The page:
They lurk in the corners of almost every painting and drawing depicting a scholar, saint, merchant, or other person who wants to look scholarly, saintly, or… um… merchanty, I suppose. I’m talking about pounce pots, and they are actually a bit of a mystery.
We’ll get into the mystery of pounce in another post; today, we’re just going to make one.
Funny how they all glow red like that. Huh… weird.
While I admit that it’s possible that some of these are actually ceramic or perhaps tarnised brass, it looks like wood to me, so we’re going to roll with it.
First Try (Prototype)
Now, if you did this the way I did, you’d start out by finding the biggest, orneriest, most seasoned piece of cherry you can get your hands on. If you’re smarter than I was, you would grab a piece of green fruitwood and turn it out before the wood dries out.
Decoration was decided based on the decoration depicted in several paintings of pounce pots and other turned items which might be pounce pots such as the one to the right.
Which I forgot to feed to the Photoshop monster to make it glow red. Oh, bother.
Almost all of the examples I could find made of what might be wood included this simple beads and shaping. The burned rings were inspired by the black rings on the bottom of the three glowy images above.
The first turn at this pounce pot reflects an inaccurate understanding of a the subtler shaping of the dish at the top. I gave then perforated top a slight dome shape based on a couple of wooden 18th and 19th century pounce pots I found for sale on eBay.
Though I was able to clear the dish of pounce through the outer ring of perforations, it wasn’t an easy process, and upon closer examination of paintings it appears that the period item was dished rather than domed. That makes perfect sense and seems obvious in retrospect. The thinness of the material at the top of the dome would impede dishing of this version, so this is a change I’ll make in the next pass.
Second Try (Greenwood)
This time, I’m taking the easier and more period-correct approach of using a piece of green cherry rather than that hard seasoned stuff. Green wood is wood that is pretty much straight from the tree and retains the natural moisture of the living wood before someone sticks it in a kiln to dry it out.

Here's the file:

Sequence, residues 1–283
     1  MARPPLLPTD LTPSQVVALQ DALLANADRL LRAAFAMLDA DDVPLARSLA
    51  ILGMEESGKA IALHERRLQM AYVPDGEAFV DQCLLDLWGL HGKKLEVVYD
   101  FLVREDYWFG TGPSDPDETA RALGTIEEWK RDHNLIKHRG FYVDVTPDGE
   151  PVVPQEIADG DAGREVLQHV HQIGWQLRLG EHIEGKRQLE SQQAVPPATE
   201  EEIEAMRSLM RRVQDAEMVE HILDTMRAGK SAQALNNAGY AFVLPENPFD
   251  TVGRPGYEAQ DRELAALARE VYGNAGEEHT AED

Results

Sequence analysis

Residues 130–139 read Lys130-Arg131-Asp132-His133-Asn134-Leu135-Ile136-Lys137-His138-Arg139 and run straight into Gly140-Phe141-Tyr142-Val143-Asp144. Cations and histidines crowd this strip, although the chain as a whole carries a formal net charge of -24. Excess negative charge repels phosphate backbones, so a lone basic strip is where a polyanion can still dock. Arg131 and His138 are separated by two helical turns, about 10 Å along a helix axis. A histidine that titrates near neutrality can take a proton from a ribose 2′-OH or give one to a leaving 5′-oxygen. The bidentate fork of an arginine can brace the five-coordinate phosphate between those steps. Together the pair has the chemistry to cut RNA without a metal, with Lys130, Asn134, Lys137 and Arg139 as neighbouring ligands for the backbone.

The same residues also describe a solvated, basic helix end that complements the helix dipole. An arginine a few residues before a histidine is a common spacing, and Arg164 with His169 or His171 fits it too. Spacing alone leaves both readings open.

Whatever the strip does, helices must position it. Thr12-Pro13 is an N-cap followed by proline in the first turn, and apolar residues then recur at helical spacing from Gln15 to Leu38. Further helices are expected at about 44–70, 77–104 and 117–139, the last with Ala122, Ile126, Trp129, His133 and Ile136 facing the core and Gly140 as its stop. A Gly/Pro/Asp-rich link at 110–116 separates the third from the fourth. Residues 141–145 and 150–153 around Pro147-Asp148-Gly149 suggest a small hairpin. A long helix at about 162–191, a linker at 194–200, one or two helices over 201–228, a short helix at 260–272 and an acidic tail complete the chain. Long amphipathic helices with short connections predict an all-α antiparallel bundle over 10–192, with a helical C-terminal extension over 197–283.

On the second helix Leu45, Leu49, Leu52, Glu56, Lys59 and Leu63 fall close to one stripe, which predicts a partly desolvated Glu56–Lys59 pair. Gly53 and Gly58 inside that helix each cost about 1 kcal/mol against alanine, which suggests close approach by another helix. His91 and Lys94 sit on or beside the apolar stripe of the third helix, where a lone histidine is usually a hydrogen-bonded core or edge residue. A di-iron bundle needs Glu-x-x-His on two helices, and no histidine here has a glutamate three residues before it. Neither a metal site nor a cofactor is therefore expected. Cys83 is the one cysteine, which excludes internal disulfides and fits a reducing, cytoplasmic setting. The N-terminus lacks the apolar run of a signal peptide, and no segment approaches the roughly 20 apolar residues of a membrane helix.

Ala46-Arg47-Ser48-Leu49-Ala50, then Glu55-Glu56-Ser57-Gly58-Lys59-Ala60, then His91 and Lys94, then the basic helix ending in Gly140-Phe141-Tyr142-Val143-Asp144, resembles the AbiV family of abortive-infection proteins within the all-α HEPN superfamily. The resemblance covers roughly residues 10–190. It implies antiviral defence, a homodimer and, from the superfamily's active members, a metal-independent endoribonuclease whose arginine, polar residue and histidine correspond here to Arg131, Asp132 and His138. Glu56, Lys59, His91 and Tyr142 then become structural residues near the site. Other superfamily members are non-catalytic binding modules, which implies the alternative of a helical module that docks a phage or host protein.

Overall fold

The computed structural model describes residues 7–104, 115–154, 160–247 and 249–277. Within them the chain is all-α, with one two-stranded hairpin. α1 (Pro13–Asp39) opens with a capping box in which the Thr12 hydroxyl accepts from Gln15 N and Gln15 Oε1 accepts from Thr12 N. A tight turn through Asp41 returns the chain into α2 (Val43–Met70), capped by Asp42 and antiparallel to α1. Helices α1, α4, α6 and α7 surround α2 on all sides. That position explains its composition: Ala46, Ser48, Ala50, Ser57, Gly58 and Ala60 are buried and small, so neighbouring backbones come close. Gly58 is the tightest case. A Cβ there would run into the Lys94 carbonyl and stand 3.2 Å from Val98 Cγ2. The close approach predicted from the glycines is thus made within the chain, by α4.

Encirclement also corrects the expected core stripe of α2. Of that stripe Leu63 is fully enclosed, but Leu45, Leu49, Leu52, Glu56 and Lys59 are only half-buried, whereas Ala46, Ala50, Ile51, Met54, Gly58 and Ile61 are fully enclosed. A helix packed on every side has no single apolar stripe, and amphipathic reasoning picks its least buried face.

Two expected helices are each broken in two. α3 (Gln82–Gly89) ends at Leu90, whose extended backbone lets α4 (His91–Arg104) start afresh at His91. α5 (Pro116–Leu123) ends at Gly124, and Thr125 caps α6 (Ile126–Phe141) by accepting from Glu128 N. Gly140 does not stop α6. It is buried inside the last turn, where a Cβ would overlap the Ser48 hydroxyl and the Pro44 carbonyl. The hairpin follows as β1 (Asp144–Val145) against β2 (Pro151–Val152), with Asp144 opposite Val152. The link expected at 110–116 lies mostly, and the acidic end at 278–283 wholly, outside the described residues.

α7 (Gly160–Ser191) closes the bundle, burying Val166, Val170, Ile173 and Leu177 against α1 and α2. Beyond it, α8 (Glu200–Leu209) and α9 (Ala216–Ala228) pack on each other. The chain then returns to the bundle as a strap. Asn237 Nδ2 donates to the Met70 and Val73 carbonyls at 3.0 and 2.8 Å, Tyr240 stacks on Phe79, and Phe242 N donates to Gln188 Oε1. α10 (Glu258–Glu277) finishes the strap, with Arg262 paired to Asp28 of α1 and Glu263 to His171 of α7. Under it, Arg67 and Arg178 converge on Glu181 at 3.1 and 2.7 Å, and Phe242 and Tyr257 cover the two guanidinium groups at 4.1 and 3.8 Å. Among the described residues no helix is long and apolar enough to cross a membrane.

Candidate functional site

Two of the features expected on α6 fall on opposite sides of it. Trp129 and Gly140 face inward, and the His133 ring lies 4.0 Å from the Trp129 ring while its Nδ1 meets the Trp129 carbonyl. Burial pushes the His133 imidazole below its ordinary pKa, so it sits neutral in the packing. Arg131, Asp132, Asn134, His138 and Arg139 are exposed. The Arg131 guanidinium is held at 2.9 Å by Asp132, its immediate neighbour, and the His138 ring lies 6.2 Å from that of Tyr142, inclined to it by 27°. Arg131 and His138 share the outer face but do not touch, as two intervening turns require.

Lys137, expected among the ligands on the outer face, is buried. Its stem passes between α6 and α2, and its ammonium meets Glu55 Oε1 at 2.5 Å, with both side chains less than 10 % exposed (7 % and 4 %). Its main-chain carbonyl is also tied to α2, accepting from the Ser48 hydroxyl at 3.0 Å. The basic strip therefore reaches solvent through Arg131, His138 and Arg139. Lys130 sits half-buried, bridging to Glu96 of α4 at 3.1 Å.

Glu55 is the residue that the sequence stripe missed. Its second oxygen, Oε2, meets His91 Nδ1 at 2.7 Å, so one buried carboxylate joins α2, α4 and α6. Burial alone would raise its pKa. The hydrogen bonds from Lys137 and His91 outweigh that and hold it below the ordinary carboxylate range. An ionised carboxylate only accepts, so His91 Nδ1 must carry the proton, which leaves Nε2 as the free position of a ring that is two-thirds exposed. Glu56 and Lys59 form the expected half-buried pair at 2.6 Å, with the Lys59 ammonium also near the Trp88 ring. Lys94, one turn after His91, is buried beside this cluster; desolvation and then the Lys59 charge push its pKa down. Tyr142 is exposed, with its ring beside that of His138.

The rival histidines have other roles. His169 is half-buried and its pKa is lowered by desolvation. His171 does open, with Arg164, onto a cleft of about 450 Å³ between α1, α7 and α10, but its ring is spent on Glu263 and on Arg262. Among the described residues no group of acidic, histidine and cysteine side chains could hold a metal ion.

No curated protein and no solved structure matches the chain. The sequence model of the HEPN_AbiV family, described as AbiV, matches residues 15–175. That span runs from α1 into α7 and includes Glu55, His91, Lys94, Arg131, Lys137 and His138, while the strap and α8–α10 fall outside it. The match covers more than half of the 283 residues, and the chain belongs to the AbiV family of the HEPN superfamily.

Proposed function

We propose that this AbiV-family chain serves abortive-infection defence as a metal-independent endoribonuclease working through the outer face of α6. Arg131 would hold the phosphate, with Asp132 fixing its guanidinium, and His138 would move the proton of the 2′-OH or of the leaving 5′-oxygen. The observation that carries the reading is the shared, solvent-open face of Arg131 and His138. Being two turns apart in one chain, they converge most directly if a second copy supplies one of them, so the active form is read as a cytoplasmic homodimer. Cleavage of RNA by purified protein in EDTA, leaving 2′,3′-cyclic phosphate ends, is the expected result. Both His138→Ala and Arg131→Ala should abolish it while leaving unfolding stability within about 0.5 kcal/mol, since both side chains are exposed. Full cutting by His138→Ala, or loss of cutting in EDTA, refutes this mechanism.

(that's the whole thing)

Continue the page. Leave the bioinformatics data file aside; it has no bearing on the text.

This time, I’m going to give the turning a more dished aspect to the top saucer section to better facilitate pounce recovery.
Back to the drawing board, in other words.
It sorta looks like I’m designing some sort of weird steampunk reactor. Oh well, I’m probably already on all the Lists with my search history…
The reason to use seasoned wood is that it’s fairly dimensionally stable. It also causes a lot of swearing when it’s as dense and hard as that cherry I used for my first pass at this.
I think the Bible says something like “Whom God loveth, he chasteneth; whom God is annoyed with, he asketh to bore into the end grain of seasoned cherry…” or something like that.
This is a bit of fruitwood that I hacked out of one of the logs on my woodpile. A bunch of cherry limbs and a whole plum tree came down in a storm about 6 months ago, so its a little drier than the really green stuff.
The issue is that I don’t honestly know how this green cylinder is going to dry. I’m new at greenwood turning and it is entirely possible that it will deform and/or crack as it dries and the wood fibers contract with the moisture loss. I guess we’ll see how it goes.
The dished top looks like it would be a lot better for capturing the pounce when it’s poured off the page and gather it back into the pot.
We’ll see how it works and get into what pounce is (probably) and isn’t (probably) and why we don’t really know for sure (definitely).
More later as always.
Paintings Referenced (in order)
Interior with a Man Writing on a Long Table (cropped & edited), anonymous 16th century French artist, Metropolitan Museum of Art, New York City
Portrait of a Merchant (cropped & edited), 1530, Jan Gossaert (Mabuse), National Gallery of Art, Washington DC (via Google Art & Culture)
Two Tax Gatherers (inset – cropped), ~1540, workshop of Marius van Reymerswale National Gallery, London